In addition, he notes that  since information only needs to be entered once, the risk of error diminishes.[2] And by incorporating “decision aids” into the chain, the Professor foresees blockchain as an enabler of consumer information for participants to select mortgage terms, downpayments, interest rates and points.

Stakeholders or Naysayers?  However, as the Professor points out: “The difficult question is how long it will take, since the forces that will array themselves against mortgage-related blockchains are formidable.”

The stakeholders at the table are, indeed, “formidable”: Borrowers, property investors, the originating lender, future servicers, home seller/buyer interests, consumer protection advocates, the appraisal industry, the National Association of REALTORS®, the title insurance industry, mortgage insurers, mortgage purchasers, Fannie, Freddie, and FHA, and of course, the elephant in the room, the CFPB (which may be less of an impediment as in years past, due to recent defanging efforts by its new chair, Mick Mulvaney.[3]

While most stakeholders would not likely advocate against blockchain reform, each has a particular patch of turf to protect. Think, for example about one small slice, the public records departments in every county in the country. Public recording underpins the validity and priority of every real estate transaction, mortgage, lien, easement, judgment, UCC filing, etc., going back to the 1800’s.  Imagine if blockchain rendered public recording a thing of the past.[4] While it might sound innovative, the unstated issue is displacement of government workers – the very groups buy-in would be necessary in order to implement a changeover. If that industry feared job losses, one has to wonder whether blockchain will be wholly embraced, or viewed as a threat.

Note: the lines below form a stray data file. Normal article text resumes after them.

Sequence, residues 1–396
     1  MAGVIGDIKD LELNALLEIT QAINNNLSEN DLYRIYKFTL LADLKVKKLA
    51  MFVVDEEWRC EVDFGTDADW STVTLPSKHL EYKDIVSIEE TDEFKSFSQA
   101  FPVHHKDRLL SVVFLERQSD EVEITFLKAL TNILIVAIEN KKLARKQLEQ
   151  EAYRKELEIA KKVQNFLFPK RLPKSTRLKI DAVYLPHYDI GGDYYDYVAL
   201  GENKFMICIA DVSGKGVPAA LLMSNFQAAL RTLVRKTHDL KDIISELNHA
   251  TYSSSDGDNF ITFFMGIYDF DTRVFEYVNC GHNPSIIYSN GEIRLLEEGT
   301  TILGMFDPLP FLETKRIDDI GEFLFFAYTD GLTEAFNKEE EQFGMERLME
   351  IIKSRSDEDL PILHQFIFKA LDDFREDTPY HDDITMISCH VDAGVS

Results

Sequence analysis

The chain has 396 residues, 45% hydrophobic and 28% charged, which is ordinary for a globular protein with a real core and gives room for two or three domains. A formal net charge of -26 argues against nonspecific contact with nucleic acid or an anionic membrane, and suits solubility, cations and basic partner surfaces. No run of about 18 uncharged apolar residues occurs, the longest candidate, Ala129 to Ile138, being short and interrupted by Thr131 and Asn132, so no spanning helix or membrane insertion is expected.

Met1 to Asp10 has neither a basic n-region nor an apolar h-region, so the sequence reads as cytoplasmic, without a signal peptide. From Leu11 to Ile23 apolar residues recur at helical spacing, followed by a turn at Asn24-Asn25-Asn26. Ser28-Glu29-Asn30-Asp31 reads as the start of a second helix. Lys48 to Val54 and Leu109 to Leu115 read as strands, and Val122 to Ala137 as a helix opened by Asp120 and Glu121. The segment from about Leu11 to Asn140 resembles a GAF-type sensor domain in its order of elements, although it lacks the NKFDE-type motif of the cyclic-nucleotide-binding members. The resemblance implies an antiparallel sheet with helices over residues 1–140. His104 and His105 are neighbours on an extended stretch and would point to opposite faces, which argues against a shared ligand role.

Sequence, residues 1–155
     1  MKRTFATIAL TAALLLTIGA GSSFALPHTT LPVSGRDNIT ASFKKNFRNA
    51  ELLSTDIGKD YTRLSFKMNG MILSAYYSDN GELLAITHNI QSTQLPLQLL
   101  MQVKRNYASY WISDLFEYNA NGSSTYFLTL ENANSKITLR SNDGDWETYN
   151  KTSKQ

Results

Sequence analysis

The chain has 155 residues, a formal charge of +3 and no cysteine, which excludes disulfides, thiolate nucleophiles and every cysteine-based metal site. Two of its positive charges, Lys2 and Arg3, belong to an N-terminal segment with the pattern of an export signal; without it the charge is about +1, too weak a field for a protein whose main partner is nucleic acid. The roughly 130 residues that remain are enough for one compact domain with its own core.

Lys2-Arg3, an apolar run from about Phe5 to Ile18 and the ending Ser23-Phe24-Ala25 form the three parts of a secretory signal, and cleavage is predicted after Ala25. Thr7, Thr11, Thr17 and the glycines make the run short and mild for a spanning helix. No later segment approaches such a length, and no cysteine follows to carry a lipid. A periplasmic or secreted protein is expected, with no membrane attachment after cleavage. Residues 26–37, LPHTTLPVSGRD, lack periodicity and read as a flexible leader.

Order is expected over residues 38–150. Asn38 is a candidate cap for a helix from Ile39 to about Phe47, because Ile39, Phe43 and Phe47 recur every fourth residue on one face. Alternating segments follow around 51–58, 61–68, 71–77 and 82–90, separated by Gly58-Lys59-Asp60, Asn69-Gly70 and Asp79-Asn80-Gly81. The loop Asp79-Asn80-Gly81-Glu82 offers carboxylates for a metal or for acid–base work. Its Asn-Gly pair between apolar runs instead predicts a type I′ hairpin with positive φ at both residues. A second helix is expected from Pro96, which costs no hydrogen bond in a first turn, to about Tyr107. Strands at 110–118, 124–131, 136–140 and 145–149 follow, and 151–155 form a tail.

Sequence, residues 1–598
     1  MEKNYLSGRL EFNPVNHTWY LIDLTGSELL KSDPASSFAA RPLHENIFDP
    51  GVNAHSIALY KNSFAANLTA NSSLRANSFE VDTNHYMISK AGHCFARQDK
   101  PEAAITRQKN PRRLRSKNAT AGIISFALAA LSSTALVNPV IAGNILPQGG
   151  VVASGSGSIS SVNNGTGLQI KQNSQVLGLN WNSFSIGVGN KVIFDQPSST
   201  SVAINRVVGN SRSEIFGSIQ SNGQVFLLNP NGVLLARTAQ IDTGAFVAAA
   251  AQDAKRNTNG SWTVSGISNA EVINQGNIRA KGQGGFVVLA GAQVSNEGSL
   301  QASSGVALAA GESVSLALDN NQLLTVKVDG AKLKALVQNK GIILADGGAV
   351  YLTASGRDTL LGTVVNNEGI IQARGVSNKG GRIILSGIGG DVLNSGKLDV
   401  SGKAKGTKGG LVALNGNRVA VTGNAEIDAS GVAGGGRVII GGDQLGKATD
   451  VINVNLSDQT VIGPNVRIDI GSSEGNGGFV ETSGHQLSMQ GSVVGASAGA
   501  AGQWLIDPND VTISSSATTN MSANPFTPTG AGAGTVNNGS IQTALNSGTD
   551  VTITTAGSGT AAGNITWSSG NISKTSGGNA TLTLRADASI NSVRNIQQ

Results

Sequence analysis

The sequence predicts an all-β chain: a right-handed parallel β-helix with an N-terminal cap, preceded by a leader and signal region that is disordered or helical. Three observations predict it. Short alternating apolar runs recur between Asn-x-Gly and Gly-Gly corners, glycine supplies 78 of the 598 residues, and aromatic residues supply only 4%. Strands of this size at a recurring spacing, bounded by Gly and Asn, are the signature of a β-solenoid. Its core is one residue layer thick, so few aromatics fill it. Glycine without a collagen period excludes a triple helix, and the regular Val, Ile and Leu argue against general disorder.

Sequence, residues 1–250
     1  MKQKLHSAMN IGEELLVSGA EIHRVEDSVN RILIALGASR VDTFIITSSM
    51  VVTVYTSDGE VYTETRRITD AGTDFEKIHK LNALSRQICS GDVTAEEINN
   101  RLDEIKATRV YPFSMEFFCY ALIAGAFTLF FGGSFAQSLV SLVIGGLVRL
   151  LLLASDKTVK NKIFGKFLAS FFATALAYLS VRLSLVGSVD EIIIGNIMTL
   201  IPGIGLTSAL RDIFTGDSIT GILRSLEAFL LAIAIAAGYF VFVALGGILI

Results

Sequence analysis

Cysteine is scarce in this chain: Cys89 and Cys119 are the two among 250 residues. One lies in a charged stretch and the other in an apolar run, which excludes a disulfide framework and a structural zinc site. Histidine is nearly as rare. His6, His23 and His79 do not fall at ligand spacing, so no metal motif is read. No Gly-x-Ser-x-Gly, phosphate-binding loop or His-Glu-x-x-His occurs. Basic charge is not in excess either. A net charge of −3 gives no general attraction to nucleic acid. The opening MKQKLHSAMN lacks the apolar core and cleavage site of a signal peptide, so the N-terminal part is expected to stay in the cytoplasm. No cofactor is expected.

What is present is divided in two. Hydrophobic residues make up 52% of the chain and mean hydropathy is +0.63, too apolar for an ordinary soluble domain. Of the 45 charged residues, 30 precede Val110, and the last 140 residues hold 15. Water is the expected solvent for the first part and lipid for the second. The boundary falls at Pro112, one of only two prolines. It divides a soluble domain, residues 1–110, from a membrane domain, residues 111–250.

Query: If blockchain is, in fact, immune from fraud and mistakes, what will the title industry have to sell, and for what price?[5] Introducing greater efficiency and access to information can translate into job losses on a massive scale. Think about the last time you used a travel agent after the Internet was up and running. ~Phil


[1] Per his webpage (here): “Jack M. Guttentag is Professor of Finance Emeritus at the Wharton School of the University of Pennsylvania and author of The Mortgage Encyclopedia. Throughout his career, Professor Guttentag has been concerned with the difficulties faced by consumers in the home loan market.”

[2] Professor Guttentag did not address the risk of perpetuating a single error, but I suspect this nascent industry has some safeguards in mind.

[3] Mr. Mulvaney, a constant critic of the CFPB, was, following his recent appointment to head the bureau, likened to a “Mosquito at a Nudist Colony” because he had so many targets. See,  https://www.nytimes.com/2018/05/07/us/mick-mulvaney-budget-director-consumer-bureau.html

[4] See video, here: https://www.forbes.com/video/5483616290001/#14d7f8e05297

[5] For a contrarian view, from the industry itself, see: https://www.alta.org/news/news.cfm?20180419-Blockchain-Cant-Protect-Property-Rights-but-Title-Insurance-Can